The subject of this monograph are the theories of philosophical reflection on man in the thirteenth century. It describes and analyses the views and debates of scholastic philosophers on the scientific approach to anthropological issues. After an outline of previous research, the efforts of the magistri to integrate anthropologic studies into the framework of their sciences are examined in detail, and their ideas on the reliability and usefulness of various scientific methods, as well as their judgements on the value and dignity of different disciplines are investigated. Particular attention is given to the scholars' discussions on the interrelationship between our understanding of man and our understanding of the world as a whole. This is the first comprehensive source-based study of the subject; it draws heavily on inedited texts.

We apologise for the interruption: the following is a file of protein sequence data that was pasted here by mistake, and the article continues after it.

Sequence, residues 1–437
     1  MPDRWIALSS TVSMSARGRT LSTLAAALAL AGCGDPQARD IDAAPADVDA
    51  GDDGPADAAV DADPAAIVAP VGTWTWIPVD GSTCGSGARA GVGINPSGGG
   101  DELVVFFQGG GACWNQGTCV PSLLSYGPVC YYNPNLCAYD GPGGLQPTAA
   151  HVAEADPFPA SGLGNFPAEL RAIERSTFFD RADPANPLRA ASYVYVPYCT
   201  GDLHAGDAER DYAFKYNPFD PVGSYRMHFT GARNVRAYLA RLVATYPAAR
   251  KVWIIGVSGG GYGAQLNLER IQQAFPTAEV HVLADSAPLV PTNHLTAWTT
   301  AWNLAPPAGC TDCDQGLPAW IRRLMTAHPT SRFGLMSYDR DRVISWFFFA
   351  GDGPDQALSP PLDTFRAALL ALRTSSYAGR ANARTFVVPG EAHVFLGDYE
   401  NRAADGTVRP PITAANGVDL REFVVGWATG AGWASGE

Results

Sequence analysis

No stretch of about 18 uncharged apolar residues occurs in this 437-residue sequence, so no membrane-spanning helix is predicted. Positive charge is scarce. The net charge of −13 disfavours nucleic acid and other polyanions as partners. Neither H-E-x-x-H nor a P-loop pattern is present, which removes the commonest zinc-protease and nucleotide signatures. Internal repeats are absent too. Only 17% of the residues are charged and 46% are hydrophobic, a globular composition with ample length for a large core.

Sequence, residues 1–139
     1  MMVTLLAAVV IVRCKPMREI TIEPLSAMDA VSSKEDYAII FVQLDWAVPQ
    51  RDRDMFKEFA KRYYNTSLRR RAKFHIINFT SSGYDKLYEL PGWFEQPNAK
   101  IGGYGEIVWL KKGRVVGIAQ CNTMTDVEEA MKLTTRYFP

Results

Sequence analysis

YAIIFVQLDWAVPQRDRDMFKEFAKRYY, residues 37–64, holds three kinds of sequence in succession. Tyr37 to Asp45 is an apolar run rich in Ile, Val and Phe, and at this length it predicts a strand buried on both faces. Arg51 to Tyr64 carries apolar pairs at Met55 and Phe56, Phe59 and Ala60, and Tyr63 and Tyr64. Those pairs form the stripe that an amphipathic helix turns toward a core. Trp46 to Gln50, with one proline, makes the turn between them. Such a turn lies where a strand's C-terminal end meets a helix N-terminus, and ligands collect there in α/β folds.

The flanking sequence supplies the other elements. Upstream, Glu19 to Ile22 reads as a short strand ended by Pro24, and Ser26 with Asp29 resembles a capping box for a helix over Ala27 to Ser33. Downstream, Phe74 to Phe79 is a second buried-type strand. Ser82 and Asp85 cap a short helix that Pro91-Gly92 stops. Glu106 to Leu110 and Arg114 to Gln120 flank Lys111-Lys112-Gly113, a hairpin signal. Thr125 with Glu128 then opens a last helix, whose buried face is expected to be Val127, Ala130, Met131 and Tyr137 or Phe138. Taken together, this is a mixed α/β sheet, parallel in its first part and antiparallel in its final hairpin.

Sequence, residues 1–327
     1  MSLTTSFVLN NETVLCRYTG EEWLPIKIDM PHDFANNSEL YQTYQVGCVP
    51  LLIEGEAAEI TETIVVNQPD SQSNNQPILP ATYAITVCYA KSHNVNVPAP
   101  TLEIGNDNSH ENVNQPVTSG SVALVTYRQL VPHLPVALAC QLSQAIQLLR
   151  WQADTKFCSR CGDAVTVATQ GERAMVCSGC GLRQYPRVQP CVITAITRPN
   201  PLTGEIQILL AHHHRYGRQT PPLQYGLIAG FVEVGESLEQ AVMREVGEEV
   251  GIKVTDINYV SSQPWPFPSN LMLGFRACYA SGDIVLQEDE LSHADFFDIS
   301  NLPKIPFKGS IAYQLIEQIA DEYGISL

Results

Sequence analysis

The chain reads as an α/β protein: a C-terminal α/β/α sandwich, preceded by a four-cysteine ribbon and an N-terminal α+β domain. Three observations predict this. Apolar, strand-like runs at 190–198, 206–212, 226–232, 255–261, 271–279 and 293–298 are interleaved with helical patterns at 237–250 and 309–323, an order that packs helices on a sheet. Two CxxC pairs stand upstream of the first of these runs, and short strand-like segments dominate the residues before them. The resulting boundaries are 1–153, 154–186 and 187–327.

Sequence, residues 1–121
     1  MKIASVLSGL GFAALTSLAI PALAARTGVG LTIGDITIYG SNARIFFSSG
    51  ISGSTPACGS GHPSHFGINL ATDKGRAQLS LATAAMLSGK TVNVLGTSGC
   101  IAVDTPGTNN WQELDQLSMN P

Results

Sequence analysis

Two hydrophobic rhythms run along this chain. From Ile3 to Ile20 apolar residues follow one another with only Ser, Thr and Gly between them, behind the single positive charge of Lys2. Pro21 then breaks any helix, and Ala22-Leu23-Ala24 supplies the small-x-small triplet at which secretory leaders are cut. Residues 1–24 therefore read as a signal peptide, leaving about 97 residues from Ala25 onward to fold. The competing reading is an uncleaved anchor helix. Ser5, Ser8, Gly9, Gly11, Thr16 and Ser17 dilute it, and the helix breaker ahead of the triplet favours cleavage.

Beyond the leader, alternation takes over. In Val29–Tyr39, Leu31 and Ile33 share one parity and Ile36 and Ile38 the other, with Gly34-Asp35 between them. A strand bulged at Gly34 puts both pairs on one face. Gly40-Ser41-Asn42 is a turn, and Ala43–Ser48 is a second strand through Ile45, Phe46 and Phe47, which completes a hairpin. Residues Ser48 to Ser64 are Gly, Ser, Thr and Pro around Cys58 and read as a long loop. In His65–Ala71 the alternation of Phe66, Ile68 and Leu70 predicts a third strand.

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Theodor W. Kohler, Ph.D. (1969), Pontificio Ateneo S. Anselmo (Rome) is Professor of Philosophical Anthropology at Salzbourg University. His extensive publications on medieval philosophy include the most recent article on Scientia perfecta in Miscellanea Mediaevalia 26.
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